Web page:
Sex Lies and Videotape, The Crying Game, The Clerk, Pulp Fiction, Reservoir Dogs, the Lord Of The Rings trilogy, Jane Eyre, Emma, The English Patient, Good Will Hunting, Jackie Brown, The Cider House Rules, Chocolat, The Shipping News, Kate & Leopold, Iris, Gangs Of New York, Chicago, Cold Mountain, both volumes of Kill Bill, The Aviator, Finding Neverland, The Reader, Inglourious Basterds, The King’s Speech, The Fighter, The Artist, Silver Linings Playbook, Django Unchained, Mandela: Long Walk To Freedom, August: Osage County, The Hateful Eight, The Founder, Lion, and the Scream, Spy Kids and Scary Movie franchises…
Most filmmakers would give an arm and a leg to be associated with any of these iconic and/or hugely successful films. Yet one man was involved, either as producer or distributor, with all these movies. Mind you, this is by no means an all-encompassing list but just a small sample of this person’s crowded filmography.
The most coveted film trophy in the world – an Oscar for Best Picture – adorns his mantle, an honour he received as a producer for Shakespeare In Love. Add to that mix seven Tony Awards for his musicals and plays, multiple Emmy Award nominations for his television/online properties and you would be hard-pressed to find a man as prolific, influential and powerful in the world of entertainment as Harvey Weinstein was.
It wasn’t the mortality of The Weinstein Company and Miramax founder, nor an ebbing of his relevance that caused his overnight fall from grace. Instead, it was an inexcusable character flaw that led to the demise of his career as a filmmaker and, more importantly, his reputation and legacy. For all his glittering trophies and awe-inspiring filmography, his name shall forever be tainted by that shameful descriptor: serial sex predator.
The sordid revelations of l’affaire Harvey Weinstein that have dominated news headlines ever since the scandal broke a few weeks ago don’t really have any direct impact on us, the Indian film industry. Yet, we would do well to treat it as a cautionary tale. After all, the environment that allowed Weinstein to get away with so many abusive transgressions over such a sustained period of time isn’t exactly alien to us.
An industry that is almost impossible to break into but one in which the pay-off, in terms of glamour, fame and fortune, is massive if you do succeed. A high-profile, aspirational industry in which the obsessive adulation of fans can sometimes distort one’s awareness of what is appropriate and acceptable. An industry that attracts beautiful people and one with working conditions that are often at odds with conventional norms of employment – erratic hours, outstation schedules et al. An industry that may peddle tales of selflessness and nobility on screen but one that is highly transactional when it comes to anything that anyone does for anyone. An industry where a few men (and they are, with virtually no exception, men) wield massive power on which films get made and who works on these projects. All these descriptions are as true of the Indian film industry as they are of Hollywood.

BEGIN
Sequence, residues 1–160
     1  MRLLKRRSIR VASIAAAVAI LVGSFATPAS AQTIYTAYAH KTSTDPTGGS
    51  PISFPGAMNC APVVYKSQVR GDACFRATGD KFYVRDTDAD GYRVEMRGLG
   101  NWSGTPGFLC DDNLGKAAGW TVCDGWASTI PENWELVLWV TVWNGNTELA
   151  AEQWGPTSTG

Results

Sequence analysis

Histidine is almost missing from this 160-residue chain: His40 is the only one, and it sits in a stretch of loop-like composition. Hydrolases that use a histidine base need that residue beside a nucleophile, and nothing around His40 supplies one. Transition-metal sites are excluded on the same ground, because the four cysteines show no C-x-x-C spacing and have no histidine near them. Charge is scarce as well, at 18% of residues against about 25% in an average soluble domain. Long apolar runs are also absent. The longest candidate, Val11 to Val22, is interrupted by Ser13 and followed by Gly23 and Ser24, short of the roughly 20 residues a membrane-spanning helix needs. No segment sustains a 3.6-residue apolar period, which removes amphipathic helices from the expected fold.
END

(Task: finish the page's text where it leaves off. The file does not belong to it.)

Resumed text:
If anything, given the unfortunate Indian tendency of viewing victims of sex crimes with derision, and our widely shared inclination to avoid getting involved in protracted legal proceedings to seek justice – unlike the US which is a highly litigious nation – one would argue that our industry offers even more leeway to those inclined to misuse their power than Hollywood does.
That being so, it is indeed fortunate that our industry hasn’t been ravaged by a scandal of such wide-ranging and damaging proportions as is playing out in Hollywood now. However, before we start patting ourselves too hard on our backs, let us concede that our track record on this count isn’t exactly spotless. Let us not pretend that we have never heard of work assignments being offered as quid pro quo for wanton favours in our part of the world either.
To clarify, this note is not intended to be a puritanical sermon on morality. As a trade publication, one of our founding mandates has been to eschew personal gossip on these pages, even though web traffic numbers and social media reposts thrive on salacious details, true or imagined, pertaining to our high-profile stars.
However, when someone’s activities go beyond consensual behaviour between consenting adults and enter the realm of exploitation and harassment, it ceases to be a private matter. Instead, it becomes an unfair – and illegal – trade practice that brings disrepute to the profession and can bring down powerful empires, just as it has for The Weinstein Company.
While no tears are going to be shed for Harvey Weinstein, who could well end up in prison once investigations conclude, it is unfortunate that so many others – employees, crews and suppliers of the many projects that have been shelved in the wake of this scandal – shall be collateral damage to one man’s depravity.
One hopes that the Weinstein case will serve as a wake-up call for some amongst us to clean up their act. That one cannot misuse one’s position to exploit others is one of the most fundamental social and moral principles that should be obvious to all. If not, please switch on the news to appreciate the repercussions